Breaking the waves follows Bess, a Scottish girlish woman from a joyless religious fundamentalist sect, who meets and marries Jan, a man outside of her sect. Bess is a bit “emotionally fragile.” She is mentioned to have had psychiatric treatment before for depression following the death of her brother. After they have been married in the film Jan tells Bess that he doesn’t know how she possibly managed to not have sex up until that point. Bess tells him emotionally she  “saved herself” as a virgin for him. It seems that this is a point that Trier wants us to look back on and flinch.

Later on in the film Jan becomes paralyzed in an oil rig accident. He is unable to have sex with his wife and so asks her to sleep with other men and tell him about it. Not knowing this request, her religious family and friends pressure her that she is not doing enough to help her sick husband and to put her own needs aside in order to focus on him and not add to his stress. This is the beginning of Bess’s unravelling. Bess does as Jan asks her and begins having risky sex with random men and recounting the details to Jan. Of course when her religious community members and family find out what she is doing they do not approve though for more religious reasons rather than care for her well-being.

The central aspect of this film that struck me was the fact that the protagonist, Bess, believes that her sexuality does not belong to her. She sees herself as a sexual object with her sexuality as existing for not her own but someone else’s benefit. She believes that her sexuality belongs to and is for her husband. She saved her sexuality believing that it was for her future husband before marriage and after marriage she continues to see her sexuality as existing for her husband’s benefit rather that her own benefit. It’s painful to watch her relate to herself as a sexual object. She “saves” herself and her sexuality as a virgin before marriage for her husband. She feels that her sexuality is the property of her husband and sees herself as a sexual object with her sexuality as something for her husband (rather than her) to feel, take pleasure in and act upon.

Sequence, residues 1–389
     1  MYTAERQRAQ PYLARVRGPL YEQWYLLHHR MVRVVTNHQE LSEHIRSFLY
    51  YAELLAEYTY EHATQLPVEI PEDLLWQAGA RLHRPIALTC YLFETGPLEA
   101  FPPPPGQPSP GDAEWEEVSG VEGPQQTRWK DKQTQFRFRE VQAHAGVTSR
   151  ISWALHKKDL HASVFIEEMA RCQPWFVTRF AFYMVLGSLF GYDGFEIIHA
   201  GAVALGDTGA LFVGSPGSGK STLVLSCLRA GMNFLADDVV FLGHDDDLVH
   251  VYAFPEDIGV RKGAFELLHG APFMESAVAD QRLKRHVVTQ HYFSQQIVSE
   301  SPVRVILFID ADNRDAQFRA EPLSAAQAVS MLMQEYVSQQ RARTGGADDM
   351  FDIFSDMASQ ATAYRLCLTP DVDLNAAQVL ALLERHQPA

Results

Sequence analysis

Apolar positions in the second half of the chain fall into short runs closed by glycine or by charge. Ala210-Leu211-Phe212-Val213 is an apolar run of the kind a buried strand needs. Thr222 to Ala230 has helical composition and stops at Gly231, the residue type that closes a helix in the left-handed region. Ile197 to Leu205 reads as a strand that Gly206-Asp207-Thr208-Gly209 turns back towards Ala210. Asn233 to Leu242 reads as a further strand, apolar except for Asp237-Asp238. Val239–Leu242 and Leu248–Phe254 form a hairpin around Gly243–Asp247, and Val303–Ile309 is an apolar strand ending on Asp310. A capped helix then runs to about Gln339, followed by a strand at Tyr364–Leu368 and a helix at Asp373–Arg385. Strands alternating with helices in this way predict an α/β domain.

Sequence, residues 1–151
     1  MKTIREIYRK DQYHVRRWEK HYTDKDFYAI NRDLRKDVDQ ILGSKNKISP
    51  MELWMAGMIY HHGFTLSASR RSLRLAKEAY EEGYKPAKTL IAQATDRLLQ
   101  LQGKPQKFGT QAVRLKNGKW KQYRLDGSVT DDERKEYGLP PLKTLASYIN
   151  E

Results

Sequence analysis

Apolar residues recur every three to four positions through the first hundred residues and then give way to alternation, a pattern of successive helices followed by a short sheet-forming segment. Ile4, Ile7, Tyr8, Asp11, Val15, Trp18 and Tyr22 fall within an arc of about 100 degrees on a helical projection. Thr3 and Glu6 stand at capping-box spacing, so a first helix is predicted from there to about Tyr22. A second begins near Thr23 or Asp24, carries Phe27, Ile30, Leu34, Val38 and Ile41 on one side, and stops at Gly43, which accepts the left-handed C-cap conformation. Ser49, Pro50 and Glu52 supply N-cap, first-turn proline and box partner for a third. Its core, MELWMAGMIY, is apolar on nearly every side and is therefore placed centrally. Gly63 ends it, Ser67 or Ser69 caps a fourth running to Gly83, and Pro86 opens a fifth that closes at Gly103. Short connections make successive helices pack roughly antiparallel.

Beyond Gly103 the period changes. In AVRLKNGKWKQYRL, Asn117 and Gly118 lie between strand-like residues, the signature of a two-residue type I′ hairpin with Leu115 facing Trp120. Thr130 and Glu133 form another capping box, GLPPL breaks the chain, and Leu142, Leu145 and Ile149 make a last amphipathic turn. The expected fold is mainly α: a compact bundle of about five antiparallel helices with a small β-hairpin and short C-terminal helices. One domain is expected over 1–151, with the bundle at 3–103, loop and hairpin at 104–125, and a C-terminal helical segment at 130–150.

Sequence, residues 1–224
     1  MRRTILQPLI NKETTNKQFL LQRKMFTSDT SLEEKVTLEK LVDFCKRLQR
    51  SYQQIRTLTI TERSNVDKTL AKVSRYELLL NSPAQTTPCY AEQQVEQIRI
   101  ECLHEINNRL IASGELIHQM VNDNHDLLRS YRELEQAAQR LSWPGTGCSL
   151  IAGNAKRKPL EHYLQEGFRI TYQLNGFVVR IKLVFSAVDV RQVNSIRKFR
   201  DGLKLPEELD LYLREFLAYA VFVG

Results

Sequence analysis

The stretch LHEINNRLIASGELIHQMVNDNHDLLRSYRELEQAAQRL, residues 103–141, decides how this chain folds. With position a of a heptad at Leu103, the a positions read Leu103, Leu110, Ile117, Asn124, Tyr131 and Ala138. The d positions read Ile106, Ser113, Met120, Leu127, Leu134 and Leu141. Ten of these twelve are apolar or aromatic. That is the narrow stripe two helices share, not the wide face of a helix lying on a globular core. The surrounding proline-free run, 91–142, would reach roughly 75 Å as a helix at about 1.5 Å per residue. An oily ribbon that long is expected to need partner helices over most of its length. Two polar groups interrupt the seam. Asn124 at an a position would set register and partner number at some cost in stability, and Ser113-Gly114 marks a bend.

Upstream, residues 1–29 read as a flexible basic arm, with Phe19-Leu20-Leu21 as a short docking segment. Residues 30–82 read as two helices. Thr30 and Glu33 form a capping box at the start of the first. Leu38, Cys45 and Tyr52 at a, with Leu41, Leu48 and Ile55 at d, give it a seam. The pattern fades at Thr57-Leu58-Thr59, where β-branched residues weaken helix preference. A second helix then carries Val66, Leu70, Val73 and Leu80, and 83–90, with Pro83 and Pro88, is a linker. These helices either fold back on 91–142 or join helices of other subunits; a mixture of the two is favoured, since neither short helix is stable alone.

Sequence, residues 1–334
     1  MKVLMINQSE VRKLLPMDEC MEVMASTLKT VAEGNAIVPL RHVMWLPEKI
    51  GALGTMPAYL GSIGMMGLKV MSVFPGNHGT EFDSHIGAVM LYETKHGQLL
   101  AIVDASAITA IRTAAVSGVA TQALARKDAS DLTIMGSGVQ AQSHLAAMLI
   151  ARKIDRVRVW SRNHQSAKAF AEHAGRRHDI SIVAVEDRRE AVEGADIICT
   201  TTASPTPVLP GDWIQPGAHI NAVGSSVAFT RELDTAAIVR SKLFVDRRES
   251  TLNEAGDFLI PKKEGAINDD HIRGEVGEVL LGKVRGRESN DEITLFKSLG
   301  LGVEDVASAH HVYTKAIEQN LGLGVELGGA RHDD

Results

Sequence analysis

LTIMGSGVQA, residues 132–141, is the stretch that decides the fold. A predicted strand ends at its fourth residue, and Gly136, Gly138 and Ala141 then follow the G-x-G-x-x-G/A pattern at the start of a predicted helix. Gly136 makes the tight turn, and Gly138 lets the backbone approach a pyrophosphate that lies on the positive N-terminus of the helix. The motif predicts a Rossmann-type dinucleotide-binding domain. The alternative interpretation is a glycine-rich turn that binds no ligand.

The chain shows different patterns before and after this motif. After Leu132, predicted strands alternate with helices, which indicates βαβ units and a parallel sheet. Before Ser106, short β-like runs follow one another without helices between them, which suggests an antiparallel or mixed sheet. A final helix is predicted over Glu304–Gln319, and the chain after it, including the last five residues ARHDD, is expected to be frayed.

Von Trier draws this idea to an extreme and harrowing conclusion in the movie. He makes viewers feel something about these ideas. He makes viewers work mentally to see where things go wrong and what the cause of this tragedy is. I think that he wants viewers to reflect not just on the characters in the film, and what goes wrong in the film, but also inspire viewers to self-reflection on their own and larger society’s attitudes towards women’s sexuality.

I was struck by the fact that Bess essentially never had any of her own boundaries around her sexuality and seems thoroughly disconnected from her sexuality and feelings about sex. Before marriage she didn’t have sex because the church told her not to. After marriage in a heartbreaking manner, she somewhat blindly follows Jan’s instructions to her to sleep with other men. She is unable to set a boundary and refuse Jan’s request that have sex with other men because she doesn’t feel that she has a right to feelings about her sexuality. Her sexuality is never her own and she is never able to say either “yes” to sex or “no” to sex essentially. What primarily underlines Bess’s insanity to viewers is painfully watching her having risky sex with so many strange men. We are watching a person essentially self injure and of course the questions we all ask are, “Why is she voluntarily hurting herself?” and “Why would anyone not see the insanity in hurting themselves this way?” However Bess is unable to be in touch with her feelings about sex, and act on what feels good to her and what doesn’t feel good to her at any point during the movie. Bess’s disconnection from her sexuality and lack of ownership of it doesn’t seem a problem before marriage, and perhaps not even after marriage, but when Jan makes his strange request of her we suddenly see the a big problem with Bess not having ownership of her sexuality. Suddenly what Bess is doing, considering her sexuality as something that is not for her benefit, seems very immoral and challenging to our values.